“Junk” DNA story for today

‘Junk’ DNA makes compulsive reading

Whatever the truth, the results pose fresh puzzles about how genes work. “It would now take a very brave person to call non-coding DNA junk,” says Greally.

It would. So stop it, New Scientist. Putting the “junk” in quotation marks doesn’t distract us from the usage of the word.

The article is a summary of recent findings from the ENCODE project (ENCyclopedia Of DNA Elements). More details in:

Random summary of interesting things

Way too busy for a proper blog post, here’s some links to resources that caught my eye in the past week:

Briefings in Bioinformatics special issue

Briefings in Bioinformatics is less well-known than the other bioinformatics/genomics journals, perhaps as there are only 6 issues a year, but it’s often worth a read.

The current issue is a special entitled “Knowledge Integration and Web Communities”, featuring 6 papers and focusing on semantic web technology. From one of the abstracts:

Scientists drove the early development of the World Wide Web, primarily as a means for rapid communication, document sharing and data access. They have been far slower to adopt the web as a medium for building research communities.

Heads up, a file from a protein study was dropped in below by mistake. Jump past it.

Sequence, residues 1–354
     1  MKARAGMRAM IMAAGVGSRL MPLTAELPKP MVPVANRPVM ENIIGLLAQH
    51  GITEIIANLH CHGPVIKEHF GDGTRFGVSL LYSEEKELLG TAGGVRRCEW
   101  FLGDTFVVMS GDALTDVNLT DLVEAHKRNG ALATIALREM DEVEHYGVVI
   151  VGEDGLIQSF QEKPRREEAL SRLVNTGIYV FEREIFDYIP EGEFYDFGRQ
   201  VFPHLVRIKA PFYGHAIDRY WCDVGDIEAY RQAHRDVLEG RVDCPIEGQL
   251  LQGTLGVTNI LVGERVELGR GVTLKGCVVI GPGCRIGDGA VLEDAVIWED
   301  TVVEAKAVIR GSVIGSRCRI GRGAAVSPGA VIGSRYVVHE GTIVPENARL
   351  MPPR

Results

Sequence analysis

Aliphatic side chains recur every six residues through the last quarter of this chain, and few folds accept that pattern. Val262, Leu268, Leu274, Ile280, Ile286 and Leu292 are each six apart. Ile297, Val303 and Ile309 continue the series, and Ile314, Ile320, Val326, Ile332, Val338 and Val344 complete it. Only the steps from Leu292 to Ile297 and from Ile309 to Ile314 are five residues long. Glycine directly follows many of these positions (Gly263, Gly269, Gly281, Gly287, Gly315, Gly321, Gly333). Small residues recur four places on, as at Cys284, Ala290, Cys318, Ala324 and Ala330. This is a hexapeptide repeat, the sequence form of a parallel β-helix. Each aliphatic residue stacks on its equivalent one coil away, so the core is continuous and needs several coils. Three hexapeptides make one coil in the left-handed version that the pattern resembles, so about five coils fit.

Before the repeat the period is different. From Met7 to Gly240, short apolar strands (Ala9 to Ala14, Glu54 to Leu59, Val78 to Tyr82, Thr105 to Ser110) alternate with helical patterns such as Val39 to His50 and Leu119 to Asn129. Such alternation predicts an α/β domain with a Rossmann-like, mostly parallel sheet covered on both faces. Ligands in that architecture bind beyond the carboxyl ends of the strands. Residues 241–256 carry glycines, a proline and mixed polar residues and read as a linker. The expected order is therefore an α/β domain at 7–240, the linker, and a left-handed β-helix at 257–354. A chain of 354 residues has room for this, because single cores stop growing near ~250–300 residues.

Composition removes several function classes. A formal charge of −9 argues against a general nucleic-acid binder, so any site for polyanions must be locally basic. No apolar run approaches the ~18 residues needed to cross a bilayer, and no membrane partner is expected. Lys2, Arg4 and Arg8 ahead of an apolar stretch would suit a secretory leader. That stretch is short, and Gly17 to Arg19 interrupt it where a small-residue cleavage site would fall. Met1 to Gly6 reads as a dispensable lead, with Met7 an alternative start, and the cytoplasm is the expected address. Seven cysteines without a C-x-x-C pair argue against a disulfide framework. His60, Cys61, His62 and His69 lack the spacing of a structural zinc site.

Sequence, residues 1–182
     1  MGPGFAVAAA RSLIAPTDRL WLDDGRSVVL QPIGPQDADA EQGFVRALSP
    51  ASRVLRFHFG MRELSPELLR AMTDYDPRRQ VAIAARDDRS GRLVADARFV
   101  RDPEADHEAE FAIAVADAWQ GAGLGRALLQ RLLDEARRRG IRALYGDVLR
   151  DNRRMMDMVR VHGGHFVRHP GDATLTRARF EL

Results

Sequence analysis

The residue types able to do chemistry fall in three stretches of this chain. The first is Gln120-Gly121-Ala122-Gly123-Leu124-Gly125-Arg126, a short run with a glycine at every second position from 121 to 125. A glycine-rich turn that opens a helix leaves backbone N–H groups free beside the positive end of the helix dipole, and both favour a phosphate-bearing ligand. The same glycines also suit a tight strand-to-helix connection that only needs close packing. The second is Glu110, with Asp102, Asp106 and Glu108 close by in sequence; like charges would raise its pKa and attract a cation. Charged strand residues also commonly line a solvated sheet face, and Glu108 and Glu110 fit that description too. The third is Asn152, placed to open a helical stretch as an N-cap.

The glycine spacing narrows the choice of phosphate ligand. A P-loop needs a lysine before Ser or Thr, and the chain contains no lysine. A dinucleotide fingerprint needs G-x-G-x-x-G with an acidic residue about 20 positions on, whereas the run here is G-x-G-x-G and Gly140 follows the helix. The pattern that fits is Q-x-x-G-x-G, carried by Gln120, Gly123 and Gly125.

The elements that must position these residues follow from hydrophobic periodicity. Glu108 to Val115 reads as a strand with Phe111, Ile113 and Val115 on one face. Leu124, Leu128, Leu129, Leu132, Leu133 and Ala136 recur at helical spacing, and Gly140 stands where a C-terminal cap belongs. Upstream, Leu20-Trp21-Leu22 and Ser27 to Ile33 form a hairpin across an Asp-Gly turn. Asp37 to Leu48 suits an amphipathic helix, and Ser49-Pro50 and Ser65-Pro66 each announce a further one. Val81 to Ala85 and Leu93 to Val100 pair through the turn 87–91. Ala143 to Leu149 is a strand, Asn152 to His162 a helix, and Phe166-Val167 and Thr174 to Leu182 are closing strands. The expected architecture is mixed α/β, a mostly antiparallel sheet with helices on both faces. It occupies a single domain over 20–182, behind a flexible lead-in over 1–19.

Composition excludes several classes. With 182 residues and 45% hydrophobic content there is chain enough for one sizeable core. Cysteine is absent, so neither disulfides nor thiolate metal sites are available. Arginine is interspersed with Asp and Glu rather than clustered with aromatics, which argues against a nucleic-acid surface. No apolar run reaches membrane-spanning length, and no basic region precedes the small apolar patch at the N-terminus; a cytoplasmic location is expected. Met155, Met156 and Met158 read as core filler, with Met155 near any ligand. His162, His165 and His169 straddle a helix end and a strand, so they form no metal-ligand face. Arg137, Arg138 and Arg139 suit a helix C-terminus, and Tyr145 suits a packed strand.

The articles don’t appear to be open access, unfortunately.

Biologists, software and ELNs

Every few months, my colleagues decide that electronic laboratory notebooks (ELNs) are a good idea. I go through the ritual of searching the web, bookmarking some resources and where possible downloading, installing, configuring and running packages to see how well they work. I know in advance that I’m wasting my time, because I’ve tried them all and there isn’t one free/open-source ELN that works for me.
Read the rest. . .